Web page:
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[D] Jurgen Schmidhuber really had GANs in 1990

he did not call it GAN, he called it curiosity, it’s actually famous work, many citations in all the papers on intrinsic motivation and exploration, although I bet many GAN people don’t know this yet

I learned about it through his inaugural tweet on their miraculous year. I knew LSTM, but I did not know that he and Sepp Hochreiter did all those other things 30 years ago.

The blog sums it up in section 5 Artificial Curiosity Through Adversarial Generative Neural Networks (1990)

The first NN is called the controller C. C (probabilistically) generates outputs that may influence an environment. The second NN is called the world model M. It predicts the environmental reactions to C’s outputs. Using gradient descent, M minimises its error, thus becoming a better predictor. But in a zero sum game, C tries to find outputs that maximise the error of M. M’s loss is the gain of C.

That is, C is motivated to invent novel outputs or experiments that yield data that M still finds surprising, until the data becomes familiar and eventually boring. Compare more recent summaries and extensions of this principle, e.g., [AC09].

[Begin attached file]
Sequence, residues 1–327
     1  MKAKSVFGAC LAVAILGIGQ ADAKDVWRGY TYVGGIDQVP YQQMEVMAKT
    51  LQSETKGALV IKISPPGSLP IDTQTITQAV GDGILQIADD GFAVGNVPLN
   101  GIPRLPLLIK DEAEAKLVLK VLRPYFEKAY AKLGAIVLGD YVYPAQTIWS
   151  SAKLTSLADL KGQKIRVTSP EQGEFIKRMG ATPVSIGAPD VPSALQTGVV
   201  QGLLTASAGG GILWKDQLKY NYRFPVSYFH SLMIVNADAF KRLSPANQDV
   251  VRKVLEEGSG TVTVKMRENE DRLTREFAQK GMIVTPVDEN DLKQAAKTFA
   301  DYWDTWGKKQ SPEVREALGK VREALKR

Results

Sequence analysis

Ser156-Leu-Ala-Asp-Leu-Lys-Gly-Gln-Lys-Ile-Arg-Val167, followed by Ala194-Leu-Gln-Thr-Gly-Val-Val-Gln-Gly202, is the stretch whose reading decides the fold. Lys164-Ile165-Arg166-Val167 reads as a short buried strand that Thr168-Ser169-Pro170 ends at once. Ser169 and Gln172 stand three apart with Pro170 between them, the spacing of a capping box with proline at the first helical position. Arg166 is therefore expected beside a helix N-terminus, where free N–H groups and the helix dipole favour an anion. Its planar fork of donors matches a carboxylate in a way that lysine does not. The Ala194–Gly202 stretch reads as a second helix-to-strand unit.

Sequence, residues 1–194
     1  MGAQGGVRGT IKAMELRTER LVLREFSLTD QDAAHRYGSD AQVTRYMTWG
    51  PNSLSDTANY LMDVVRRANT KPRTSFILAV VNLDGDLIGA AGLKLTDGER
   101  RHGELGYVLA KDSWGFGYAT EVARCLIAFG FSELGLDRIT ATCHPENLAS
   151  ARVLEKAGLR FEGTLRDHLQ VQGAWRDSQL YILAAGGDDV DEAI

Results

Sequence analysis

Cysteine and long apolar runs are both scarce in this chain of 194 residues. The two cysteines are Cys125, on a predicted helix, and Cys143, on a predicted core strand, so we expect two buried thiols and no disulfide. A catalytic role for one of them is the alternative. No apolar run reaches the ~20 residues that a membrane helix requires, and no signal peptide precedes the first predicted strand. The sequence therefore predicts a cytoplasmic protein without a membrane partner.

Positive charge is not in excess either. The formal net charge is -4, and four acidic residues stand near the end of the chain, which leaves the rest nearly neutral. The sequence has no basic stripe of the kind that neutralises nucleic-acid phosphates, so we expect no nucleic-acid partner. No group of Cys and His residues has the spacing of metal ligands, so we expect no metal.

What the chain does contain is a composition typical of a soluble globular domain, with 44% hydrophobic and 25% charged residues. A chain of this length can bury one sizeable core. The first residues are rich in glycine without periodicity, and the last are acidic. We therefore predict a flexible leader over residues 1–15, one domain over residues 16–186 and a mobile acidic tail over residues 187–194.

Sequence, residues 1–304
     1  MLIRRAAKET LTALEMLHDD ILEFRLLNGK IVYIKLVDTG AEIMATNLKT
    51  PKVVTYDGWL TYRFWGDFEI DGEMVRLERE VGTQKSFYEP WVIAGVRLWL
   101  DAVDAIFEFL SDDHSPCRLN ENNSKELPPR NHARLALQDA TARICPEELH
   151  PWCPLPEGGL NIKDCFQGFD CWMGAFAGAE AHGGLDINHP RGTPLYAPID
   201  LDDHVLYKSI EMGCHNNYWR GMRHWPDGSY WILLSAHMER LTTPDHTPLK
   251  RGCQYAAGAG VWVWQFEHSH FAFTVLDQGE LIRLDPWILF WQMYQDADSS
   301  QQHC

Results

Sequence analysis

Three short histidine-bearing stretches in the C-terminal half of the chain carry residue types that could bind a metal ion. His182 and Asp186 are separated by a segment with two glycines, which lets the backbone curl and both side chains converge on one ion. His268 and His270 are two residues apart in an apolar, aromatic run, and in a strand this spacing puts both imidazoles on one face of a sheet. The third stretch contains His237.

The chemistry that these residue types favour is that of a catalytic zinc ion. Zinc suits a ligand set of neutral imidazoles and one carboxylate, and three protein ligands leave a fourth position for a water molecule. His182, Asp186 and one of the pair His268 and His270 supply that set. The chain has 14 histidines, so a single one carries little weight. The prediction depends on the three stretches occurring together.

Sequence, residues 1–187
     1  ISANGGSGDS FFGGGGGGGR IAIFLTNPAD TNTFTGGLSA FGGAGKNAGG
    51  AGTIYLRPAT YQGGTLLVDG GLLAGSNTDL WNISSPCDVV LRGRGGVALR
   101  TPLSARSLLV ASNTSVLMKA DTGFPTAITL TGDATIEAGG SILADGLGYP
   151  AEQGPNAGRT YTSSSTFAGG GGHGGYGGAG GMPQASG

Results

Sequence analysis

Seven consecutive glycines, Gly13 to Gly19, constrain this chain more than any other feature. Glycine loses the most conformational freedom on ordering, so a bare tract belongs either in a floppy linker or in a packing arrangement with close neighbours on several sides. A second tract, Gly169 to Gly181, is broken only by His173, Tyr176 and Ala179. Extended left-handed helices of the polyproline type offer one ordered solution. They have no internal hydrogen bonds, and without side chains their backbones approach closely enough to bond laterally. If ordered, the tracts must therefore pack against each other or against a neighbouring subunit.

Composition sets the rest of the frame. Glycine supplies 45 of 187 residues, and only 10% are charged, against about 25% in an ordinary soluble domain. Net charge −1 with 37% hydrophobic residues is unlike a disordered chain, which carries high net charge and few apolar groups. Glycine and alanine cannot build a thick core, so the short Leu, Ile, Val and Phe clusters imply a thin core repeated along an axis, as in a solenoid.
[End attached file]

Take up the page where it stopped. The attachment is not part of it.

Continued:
GANs are an application of Adversarial Curiosity [AC90] where the environment simply returns whether C’s current output is in a given set [AC19].

So I read those referenced papers. AC19 is kinda modern guide to the old report AC90 where the adversarial part first appeared in section: Implementing Dynamic Curiosity and Boredom, and the generative part in section: Explicit Random Actions versus Imported Randomness, which is like GANs versus conditional GANs. AC09 is a survey from 2009 and sums it up: maximise reward for prediction error.

I know that Ian Goodfellow says he is the inventor of GANs, but he must have been a little boy when Jurgen did this in 1990. Also funny that Yann LeCun described GANs as “the coolest idea in machine learning in the last twenty years” although Jurgen had it thirty years ago

No, it is NOT the same as predictability minimisation, that’s yet another adversarial game he invented, in 1991, section 7 of his explosive blog post which contains additional jaw-droppers

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Toronto AI is a social and collaborative hub to unite AI innovators of Toronto and surrounding areas. We explore AI technologies in digital art and music, healthcare, marketing, fintech, vr, robotics and more. Toronto AI was founded by Dave MacDonald and Patrick O'Mara.